In order to address these shortcomings, more than forty spiritual and palliative care experts gathered for a national conference to discuss guidelines for incorporating spirituality into palliative care. Their consensus findings form the basis of Making Health Care Whole. This important new resource provides much-needed definitions and charts a common language for addressing spiritual care across the disciplines of medicine, nursing, social work, chaplaincy, psychology, and other groups. It presents models of spiritual care that are broad and inclusive, and provides tools for screening, assessment, care planning, and interventions. This book also advocates a team approach to spiritual care, and specifies the roles of each professional on the team.
Serving as both a scholarly review of the field as well as a practical resource with specific recommendations to improve spiritual care in clinical practice, Making Health Care Whole will benefit hospices and palliative care programs in hospitals, home care services, and long-term care services. It will also be a valuable addition to the curriculum at seminaries, schools of theology, and medical and nursing schools.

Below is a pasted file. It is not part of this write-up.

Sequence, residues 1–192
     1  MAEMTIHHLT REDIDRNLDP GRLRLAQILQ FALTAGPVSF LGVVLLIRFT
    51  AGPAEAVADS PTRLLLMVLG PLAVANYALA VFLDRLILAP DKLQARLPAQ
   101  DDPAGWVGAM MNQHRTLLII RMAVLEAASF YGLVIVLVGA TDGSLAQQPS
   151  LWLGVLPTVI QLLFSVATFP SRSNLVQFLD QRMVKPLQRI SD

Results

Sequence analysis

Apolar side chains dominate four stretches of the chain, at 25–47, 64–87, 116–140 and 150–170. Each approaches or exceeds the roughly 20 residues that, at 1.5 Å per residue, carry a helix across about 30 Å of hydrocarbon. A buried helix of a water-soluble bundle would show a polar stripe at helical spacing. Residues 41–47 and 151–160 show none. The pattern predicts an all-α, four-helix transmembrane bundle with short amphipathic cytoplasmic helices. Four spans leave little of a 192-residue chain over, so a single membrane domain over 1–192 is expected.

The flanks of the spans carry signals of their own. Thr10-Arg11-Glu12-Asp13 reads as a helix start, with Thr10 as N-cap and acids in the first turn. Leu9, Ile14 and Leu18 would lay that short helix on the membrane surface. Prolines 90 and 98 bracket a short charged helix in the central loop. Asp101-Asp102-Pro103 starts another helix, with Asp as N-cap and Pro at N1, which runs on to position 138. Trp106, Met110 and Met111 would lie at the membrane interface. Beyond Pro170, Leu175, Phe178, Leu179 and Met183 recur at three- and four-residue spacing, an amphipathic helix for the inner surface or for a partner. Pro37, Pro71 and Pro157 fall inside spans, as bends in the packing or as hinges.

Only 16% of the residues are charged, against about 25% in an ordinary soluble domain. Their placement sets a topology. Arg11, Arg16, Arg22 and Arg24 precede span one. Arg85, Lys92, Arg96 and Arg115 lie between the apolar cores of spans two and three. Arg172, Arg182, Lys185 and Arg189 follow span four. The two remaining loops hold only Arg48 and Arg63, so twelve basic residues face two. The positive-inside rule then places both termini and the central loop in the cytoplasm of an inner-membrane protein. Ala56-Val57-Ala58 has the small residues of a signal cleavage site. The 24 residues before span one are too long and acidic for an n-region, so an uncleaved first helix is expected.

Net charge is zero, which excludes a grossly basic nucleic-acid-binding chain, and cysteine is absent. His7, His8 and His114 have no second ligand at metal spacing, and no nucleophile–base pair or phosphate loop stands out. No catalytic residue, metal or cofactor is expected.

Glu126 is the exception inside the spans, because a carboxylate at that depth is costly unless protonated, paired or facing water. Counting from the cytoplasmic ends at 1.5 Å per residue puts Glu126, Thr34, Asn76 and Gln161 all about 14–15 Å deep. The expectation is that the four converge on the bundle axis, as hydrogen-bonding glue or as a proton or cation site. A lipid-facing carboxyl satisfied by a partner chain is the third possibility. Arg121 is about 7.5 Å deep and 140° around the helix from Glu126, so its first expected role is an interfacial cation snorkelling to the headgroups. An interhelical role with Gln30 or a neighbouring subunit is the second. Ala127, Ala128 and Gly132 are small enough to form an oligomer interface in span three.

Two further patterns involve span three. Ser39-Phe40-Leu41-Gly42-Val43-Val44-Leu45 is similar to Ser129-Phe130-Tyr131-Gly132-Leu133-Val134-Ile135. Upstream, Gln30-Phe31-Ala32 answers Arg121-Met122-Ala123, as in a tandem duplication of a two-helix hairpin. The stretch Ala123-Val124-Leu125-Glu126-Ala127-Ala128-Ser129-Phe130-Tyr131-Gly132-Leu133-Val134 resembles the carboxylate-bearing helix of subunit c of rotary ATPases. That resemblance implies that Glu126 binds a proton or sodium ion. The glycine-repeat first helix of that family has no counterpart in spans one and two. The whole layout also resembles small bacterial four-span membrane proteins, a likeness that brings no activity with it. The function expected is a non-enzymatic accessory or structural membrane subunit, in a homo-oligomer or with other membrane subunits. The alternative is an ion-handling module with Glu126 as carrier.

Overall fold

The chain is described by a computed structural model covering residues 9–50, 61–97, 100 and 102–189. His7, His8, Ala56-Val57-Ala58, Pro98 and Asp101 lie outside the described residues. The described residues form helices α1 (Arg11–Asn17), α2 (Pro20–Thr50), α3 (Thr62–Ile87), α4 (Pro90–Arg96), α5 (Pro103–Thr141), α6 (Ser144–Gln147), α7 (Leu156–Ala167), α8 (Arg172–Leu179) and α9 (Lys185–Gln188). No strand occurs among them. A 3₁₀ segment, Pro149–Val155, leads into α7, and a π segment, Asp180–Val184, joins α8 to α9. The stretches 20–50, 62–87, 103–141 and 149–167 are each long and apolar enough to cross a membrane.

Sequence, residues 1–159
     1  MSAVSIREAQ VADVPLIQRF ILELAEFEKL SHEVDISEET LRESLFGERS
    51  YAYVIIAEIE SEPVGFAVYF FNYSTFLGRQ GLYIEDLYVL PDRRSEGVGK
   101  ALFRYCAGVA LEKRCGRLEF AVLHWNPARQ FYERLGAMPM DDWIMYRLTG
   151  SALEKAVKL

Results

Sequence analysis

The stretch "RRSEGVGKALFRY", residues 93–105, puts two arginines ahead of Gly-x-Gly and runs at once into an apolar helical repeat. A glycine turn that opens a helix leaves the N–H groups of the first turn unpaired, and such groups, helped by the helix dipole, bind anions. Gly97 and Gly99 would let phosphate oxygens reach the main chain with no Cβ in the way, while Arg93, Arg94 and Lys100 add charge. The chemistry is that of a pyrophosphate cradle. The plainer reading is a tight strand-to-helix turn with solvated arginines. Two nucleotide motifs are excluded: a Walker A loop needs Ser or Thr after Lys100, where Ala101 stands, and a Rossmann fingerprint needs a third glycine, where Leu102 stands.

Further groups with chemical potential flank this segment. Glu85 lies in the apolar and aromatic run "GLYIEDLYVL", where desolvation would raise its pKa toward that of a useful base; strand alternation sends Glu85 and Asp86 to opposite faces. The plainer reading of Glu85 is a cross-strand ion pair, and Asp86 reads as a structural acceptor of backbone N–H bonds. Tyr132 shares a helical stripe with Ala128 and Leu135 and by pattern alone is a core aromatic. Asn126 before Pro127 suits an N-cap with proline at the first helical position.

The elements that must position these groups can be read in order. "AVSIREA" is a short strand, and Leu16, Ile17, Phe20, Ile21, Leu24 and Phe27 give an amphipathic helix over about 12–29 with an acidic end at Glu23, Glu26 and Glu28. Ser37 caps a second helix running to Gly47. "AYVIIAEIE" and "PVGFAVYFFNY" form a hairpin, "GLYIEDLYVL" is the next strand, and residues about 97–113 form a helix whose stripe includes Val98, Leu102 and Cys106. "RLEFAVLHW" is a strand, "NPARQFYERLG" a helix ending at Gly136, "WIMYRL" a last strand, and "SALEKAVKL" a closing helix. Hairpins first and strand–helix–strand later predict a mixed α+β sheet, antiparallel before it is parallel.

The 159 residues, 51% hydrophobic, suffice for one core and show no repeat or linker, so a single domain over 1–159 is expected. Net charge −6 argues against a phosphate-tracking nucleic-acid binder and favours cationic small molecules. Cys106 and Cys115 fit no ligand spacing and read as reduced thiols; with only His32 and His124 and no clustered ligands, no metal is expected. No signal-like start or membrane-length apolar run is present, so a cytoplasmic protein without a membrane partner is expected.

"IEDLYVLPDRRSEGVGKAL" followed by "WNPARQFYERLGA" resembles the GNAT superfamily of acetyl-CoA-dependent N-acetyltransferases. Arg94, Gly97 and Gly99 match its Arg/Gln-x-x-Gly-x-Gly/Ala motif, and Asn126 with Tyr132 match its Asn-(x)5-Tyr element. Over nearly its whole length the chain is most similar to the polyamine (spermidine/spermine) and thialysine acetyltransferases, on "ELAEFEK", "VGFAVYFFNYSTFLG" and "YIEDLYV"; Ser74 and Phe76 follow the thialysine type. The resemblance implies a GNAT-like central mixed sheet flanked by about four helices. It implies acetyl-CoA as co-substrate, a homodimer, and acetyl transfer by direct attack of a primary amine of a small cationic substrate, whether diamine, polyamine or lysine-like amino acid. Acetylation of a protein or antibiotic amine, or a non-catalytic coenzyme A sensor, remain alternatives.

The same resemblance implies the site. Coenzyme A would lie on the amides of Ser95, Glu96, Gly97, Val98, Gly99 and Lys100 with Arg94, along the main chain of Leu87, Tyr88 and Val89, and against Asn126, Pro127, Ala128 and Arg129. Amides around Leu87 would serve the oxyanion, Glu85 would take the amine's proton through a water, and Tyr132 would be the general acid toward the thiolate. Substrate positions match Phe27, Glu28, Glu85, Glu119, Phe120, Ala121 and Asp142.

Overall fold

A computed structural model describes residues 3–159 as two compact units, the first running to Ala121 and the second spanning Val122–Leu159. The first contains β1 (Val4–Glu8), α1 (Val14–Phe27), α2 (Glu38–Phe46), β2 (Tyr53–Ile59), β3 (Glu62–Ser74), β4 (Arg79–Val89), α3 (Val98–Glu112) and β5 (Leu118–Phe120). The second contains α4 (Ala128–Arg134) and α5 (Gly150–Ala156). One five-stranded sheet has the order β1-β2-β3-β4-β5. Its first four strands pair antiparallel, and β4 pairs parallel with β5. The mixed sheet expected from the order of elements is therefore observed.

The engaging stories in Parish Nursing provide accessible and enjoyable accounts of real parish nurses, both paid and volunteer, who attend to the needs of their congregations in a variety of ways—from home, hospice, and hospital visits to community outreach. This revised edition gathers their stories of hearing and heeding God’s call, of their faith that they are doing the “right thing,” of their joys, sorrows, and challenges, and of their quiet dedication as they offer their time and talents to meet the needs of others.
By offering inspiration and encouragement, along with a healthy dose of updated practical advice, this collection will make parish nursing theory come to life. These stories will honor practicing parish nurses, will guide the way for anyone contemplating parish nursing as a career, and will challenge church members and leaders to examine the role that their congregations play in health ministry—especially in meeting the long-term care needs of an aging population.